Big news in the U.S. last week as figures from the Census Bureau and Treasury Department pointed to an economic recovery gaining momentum as the U.S. consumers have been receiving their latest and largest stimulus checks to date over the last several weeks.
U.S. household incomes were up 21.1 percent in March, pushed in large part by federal relief funds, the expansion of vaccinations and the concurrent easing of COVID-19 restrictions. According to Wall Street Journal reports, the recent boost in U.S. income was the largest monthly increase observed since 1959. Moreover Very, The Bureau of Labor Statistics on Thursday (April 29) reported U.S. gross domestic product (GDP) in the first quarter of 2021 grew 6.4 percent, the biggest increase for any first quarter since 1984.
The biggest bump was in durable goods spending, which was led by motor vehicles and parts.
And perhaps unsurprising, the GDP and income bump and produced a spending bump of 4.2 percent, the biggest month-over-month boost seen since last summer, according to Commerce Department reports from late last week; while savings has also remained on the rise, up a whopping went up 27.6 percent in March from 13.9 percent the previous month.
“While we aren’t completely out of the woods yet, today’s report shows the beginning of an economic rebound,” said Brendan Coughlin, head of consumer banking at Citizens in Boston, told Reuters. “Assuming no setback in the continued rollout of the vaccines, U.S. consumers are well-positioned in the second half of the year to stimulate strong economic growth across the country.”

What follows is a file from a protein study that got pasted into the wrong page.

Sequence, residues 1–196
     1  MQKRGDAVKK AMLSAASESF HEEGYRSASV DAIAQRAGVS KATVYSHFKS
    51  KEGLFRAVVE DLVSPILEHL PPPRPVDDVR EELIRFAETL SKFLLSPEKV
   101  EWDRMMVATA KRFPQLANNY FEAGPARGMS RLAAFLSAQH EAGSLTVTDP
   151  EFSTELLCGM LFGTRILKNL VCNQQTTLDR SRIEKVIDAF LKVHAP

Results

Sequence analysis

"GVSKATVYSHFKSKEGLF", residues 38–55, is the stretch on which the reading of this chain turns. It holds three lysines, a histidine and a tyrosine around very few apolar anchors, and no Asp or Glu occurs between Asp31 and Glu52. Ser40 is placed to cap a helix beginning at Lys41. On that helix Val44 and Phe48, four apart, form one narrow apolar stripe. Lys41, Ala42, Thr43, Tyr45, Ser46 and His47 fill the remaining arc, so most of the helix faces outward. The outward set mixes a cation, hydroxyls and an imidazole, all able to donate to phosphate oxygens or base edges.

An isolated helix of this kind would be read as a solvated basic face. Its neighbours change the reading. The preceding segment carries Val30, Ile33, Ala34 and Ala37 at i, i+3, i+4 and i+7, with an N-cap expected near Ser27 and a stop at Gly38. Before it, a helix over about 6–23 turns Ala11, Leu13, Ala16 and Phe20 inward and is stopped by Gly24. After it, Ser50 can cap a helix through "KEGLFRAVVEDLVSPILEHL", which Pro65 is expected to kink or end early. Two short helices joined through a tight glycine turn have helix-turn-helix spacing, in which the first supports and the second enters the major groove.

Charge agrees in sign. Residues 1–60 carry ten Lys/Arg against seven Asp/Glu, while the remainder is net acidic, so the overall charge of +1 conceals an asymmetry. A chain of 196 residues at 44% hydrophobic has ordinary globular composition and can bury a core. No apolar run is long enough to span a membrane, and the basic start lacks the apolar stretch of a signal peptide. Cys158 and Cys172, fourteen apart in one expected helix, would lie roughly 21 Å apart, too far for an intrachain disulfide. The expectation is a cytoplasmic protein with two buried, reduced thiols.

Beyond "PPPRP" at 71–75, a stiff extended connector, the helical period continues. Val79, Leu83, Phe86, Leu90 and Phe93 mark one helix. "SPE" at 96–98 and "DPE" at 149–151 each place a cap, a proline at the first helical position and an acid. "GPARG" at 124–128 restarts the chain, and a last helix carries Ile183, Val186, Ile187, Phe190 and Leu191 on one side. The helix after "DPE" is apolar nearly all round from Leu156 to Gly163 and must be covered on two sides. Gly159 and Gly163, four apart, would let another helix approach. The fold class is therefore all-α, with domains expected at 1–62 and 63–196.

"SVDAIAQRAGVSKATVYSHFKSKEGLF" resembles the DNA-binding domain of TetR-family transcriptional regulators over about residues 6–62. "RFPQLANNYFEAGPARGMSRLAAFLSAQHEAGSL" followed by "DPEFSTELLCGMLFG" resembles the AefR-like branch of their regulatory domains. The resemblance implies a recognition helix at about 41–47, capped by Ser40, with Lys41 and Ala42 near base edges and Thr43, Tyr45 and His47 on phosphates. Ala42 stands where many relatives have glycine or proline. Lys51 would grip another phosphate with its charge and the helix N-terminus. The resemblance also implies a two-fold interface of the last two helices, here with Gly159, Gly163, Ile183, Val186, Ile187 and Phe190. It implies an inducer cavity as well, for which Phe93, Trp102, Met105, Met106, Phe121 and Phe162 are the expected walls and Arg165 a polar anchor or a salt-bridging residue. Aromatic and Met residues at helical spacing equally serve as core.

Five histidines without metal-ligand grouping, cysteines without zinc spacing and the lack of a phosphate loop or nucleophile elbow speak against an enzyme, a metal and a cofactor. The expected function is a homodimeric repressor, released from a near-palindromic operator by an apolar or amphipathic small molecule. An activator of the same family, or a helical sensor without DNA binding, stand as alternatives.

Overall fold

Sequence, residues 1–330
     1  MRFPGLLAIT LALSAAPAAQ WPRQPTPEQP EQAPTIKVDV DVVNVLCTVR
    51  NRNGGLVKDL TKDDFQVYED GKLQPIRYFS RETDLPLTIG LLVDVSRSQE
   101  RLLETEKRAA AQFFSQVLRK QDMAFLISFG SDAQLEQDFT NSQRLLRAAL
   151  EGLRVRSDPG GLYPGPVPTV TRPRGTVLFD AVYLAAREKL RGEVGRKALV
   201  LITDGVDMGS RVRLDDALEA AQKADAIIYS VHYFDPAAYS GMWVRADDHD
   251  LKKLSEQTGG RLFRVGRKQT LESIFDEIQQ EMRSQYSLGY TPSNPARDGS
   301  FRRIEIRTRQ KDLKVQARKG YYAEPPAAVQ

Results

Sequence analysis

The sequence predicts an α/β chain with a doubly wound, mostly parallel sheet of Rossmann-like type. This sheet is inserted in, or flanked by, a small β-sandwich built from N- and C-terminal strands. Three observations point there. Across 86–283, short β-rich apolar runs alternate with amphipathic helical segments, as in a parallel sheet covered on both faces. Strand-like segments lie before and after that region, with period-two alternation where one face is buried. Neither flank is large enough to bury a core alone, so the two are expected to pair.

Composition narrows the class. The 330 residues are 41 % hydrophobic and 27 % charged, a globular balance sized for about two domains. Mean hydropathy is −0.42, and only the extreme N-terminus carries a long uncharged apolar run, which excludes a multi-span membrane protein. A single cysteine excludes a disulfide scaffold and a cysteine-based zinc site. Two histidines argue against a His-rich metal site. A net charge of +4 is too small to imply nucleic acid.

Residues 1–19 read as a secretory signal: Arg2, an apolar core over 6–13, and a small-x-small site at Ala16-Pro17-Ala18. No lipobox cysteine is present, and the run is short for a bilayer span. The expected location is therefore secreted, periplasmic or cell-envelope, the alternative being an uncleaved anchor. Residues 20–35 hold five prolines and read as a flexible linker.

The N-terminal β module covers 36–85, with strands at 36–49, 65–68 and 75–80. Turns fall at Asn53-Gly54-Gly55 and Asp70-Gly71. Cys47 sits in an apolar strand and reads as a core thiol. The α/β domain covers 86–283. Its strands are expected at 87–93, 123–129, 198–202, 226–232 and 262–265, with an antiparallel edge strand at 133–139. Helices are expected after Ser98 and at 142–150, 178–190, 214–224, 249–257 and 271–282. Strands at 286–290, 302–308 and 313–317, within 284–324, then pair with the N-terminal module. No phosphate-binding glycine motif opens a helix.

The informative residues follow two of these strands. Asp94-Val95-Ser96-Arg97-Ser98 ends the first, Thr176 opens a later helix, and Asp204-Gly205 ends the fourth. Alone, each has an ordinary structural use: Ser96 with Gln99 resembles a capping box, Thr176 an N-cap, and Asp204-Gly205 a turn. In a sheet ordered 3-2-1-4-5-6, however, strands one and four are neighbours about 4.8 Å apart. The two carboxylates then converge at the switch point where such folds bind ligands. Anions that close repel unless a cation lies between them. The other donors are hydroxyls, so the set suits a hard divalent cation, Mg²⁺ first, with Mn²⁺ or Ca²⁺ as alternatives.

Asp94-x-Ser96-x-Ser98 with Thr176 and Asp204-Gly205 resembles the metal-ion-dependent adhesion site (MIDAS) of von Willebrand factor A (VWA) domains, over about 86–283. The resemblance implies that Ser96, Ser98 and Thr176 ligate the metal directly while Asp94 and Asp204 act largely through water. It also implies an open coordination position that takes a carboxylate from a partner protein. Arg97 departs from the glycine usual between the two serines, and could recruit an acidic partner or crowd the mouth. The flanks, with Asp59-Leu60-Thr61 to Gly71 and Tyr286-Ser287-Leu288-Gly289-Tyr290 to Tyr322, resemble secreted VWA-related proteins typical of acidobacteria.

The rebound, the experts seem to agree, comes care of the latest $1,400 per citizen round of stimulus circulating as part of the larger $1.9 trillion March fiscal relief package, which, according to expert analysis, was a bigger igniter of consumer spending than its two predecessors, said to data-analytics company Earnest Research.
Spending increased 29 percent among those who received a check in mid-March compared with the same period in 2019, according to Ernest data, with the first round boosted spending 23 percent and the second stimulus checks bumped spending up 22 percent. And those are just the national averages — individual locales like Pennsylvania, Texas and Florida have seen growth faster than those national averages.